During Dalton's second year with Barrie he became assistant captain. Susan said she believes her son's leadership came from him being so grounded. Like most teenage boys, Susan had Dalton work during his summers at home. He worked at places like the local golf course, for the Town of Kingsville and Truax. She credits those jobs with helping him become grounded.  
The second year with Barrie was also Dalton's best junior season at that time. He had 21 points in 63 games and 121 penalty minutes which included five fights.  
Fighting is something Susan said she understands and hopes stays in the game, but it is not something a mother typically wants to watch. 
"Do I like it? No, not at all, but on the other hand I am cheering him on and I hope he wins," Susan said. 
By the 2010 NHL draft, Dalton had already been eligible to be picked by an NHL team for two years. It is rare to be drafted two years after your first year of eligibility and Susan said it was not something they were expecting to happen.  
On the day of the draft, Susan went to Costco with her husband, Paul, and Dalton was helping at a hockey camp. While Susan and Paul were driving home from Costco they received a call from their son.
"He hangs up and he looks at me and says, 'Dalton got drafted by Columbus,'" said Susan. "Of course, tears start, even Paul. I said just pull over, he said 'no we're fine. I'm fine, it's all good.' He grabs my hand and says, 'it's all good, he did it.'" 
Sharing the memory of that day brings tears to Susan. 
"For all the doubters, the people that told us he would never go anywhere, we knew he had it in him," Susan said. "It was awesome. We were so happy and proud of him." 
As much as Susan credits Dalton for his own hard work, he credits his mom for being a crucial part of his hockey career.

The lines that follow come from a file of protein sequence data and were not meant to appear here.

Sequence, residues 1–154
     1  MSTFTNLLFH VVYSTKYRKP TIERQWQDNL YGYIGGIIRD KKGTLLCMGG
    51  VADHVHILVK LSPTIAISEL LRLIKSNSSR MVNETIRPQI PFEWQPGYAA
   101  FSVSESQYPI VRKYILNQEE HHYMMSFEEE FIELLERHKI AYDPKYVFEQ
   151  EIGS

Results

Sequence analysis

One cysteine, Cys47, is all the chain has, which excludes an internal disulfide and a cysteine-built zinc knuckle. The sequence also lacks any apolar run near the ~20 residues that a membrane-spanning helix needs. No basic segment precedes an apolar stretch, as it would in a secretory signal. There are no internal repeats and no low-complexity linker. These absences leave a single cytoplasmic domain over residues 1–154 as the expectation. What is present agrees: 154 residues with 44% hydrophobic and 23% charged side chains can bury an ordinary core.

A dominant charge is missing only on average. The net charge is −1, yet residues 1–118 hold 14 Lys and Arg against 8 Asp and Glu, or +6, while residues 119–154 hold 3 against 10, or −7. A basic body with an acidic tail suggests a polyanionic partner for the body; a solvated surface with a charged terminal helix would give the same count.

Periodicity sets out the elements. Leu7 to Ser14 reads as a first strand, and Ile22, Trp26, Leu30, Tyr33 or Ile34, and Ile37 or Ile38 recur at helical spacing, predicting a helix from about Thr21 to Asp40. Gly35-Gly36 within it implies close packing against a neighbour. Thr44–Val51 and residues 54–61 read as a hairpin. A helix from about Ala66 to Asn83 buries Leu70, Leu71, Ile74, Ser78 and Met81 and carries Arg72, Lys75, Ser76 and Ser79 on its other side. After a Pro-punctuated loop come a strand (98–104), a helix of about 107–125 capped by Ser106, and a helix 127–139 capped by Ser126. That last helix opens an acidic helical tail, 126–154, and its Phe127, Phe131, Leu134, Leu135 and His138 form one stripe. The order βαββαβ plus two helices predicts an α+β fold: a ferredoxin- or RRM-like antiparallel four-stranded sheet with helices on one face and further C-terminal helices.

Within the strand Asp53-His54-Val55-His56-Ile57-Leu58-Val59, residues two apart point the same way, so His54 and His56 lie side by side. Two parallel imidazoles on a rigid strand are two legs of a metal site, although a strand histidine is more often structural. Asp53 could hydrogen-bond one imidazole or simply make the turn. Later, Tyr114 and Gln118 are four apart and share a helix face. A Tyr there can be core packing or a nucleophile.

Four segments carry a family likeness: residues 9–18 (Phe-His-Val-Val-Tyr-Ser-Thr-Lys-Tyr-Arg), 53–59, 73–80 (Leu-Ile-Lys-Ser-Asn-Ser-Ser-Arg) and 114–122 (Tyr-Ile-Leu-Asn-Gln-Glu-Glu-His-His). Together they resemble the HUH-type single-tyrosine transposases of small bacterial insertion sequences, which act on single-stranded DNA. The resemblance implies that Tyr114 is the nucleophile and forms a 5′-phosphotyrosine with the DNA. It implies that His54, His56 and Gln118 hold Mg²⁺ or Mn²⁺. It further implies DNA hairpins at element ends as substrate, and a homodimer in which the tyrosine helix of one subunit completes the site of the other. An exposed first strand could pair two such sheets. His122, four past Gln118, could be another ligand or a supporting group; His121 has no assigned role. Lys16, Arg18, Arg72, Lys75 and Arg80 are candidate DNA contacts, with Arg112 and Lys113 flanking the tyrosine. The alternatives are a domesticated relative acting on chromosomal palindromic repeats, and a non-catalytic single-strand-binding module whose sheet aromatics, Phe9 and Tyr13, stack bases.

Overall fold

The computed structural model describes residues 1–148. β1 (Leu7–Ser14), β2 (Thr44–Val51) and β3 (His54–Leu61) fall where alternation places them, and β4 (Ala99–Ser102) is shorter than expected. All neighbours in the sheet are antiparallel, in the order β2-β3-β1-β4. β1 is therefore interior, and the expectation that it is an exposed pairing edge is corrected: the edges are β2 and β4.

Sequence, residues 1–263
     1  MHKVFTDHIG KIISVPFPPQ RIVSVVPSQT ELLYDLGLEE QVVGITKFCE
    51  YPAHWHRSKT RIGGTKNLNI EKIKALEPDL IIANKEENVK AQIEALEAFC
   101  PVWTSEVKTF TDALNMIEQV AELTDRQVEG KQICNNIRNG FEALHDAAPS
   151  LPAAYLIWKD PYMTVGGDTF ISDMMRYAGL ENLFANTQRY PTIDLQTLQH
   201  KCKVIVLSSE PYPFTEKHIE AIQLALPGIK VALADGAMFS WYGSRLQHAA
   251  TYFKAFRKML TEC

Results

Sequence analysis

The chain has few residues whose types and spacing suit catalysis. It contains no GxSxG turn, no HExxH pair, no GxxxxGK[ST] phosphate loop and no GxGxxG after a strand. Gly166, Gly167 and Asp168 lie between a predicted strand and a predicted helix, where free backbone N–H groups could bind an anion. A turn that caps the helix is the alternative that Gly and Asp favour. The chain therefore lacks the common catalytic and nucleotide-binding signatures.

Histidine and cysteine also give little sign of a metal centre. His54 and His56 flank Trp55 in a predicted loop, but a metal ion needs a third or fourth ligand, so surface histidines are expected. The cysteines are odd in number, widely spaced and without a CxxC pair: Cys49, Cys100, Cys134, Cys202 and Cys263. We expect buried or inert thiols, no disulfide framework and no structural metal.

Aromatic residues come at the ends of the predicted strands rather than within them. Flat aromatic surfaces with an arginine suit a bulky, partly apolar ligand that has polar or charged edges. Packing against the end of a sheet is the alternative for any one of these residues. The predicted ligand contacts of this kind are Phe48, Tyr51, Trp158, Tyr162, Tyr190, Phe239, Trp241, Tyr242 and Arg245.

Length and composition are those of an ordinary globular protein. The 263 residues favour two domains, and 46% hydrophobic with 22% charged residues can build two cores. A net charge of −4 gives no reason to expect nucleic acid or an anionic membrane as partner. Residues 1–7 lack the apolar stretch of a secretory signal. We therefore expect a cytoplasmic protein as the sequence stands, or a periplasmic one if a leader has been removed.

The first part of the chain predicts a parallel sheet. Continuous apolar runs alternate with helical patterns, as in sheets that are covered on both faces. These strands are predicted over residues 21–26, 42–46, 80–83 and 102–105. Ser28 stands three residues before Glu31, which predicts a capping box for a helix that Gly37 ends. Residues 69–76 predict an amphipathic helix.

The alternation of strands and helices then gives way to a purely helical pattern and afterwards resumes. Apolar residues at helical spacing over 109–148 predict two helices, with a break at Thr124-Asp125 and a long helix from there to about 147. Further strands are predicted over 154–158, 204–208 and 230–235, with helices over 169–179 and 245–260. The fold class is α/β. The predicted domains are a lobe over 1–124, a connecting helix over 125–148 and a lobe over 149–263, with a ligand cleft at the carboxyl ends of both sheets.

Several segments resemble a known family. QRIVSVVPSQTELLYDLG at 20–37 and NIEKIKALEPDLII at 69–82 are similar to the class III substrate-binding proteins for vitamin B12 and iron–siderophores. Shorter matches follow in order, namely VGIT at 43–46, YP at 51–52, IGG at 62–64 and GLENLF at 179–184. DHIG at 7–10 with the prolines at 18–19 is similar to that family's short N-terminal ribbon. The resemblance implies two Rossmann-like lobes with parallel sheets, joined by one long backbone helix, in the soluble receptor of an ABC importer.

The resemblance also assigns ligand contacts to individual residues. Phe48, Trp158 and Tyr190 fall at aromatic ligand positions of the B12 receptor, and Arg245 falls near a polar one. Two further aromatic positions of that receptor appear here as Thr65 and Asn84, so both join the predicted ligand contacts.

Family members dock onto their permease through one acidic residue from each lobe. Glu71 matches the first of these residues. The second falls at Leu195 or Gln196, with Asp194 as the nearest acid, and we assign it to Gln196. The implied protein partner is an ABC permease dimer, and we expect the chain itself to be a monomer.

"My mom has been as big of a part of my hockey career as she could possibly be," said Dalton. "I think my mom's fiercely competitive nature in sports rubbed off on me and served me well thus far. Always there to give me support and perspective, I couldn’t be where I am today without her." 
Susan said there have been recent struggles in his career. Dalton has been traded twice in the last three years. He has also been up and down between the NHL and the minors during that time but currently is on the Flames roster. With so many changes, Dalton appreciates the continued help from his mom.  
"Each year, with all of the behind the scenes struggles of moving two, three, even four times in a season, wouldn’t be possible without my mom," Dalton said. "Changing addresses, countries, cable and internet, water and electric, all while having a place at home for summer that needs looking after. Storage units, flights, car rentals, apartments, moving companies, taxes; you name it, my mom has helped me. My mom has helped me so much in life that she has made playing hockey that much easier." 
According to Hockey Canada, there is less than a one percent chance of making the NHL. Susan said her son is making the most of it and treats everyday as an adventure. For whatever city Dalton is in, Susan said she must be a mom and be there for her son.  
"You just do as you do as parents, help them and support them wherever they are," said Susan.